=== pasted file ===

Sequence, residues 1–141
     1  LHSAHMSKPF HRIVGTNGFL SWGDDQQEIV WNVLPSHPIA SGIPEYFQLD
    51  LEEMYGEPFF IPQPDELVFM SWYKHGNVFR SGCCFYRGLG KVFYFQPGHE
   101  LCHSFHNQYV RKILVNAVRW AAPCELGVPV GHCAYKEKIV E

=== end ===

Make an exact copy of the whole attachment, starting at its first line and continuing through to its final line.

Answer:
Sequence, residues 1–141
     1  LHSAHMSKPF HRIVGTNGFL SWGDDQQEIV WNVLPSHPIA SGIPEYFQLD
    51  LEEMYGEPFF IPQPDELVFM SWYKHGNVFR SGCCFYRGLG KVFYFQPGHE
   101  LCHSFHNQYV RKILVNAVRW AAPCELGVPV GHCAYKEKIV E